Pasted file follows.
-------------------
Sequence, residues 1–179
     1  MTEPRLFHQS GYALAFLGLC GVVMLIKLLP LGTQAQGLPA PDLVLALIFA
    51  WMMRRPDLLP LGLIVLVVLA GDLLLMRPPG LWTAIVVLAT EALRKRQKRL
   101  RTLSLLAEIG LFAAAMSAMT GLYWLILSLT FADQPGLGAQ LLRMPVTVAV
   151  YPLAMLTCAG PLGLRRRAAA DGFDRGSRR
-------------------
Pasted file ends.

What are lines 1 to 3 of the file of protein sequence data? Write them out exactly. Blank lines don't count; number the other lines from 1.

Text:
Sequence, residues 1–179
     1  MTEPRLFHQS GYALAFLGLC GVVMLIKLLP LGTQAQGLPA PDLVLALIFA
    51  WMMRRPDLLP LGLIVLVVLA GDLLLMRPPG LWTAIVVLAT EALRKRQKRL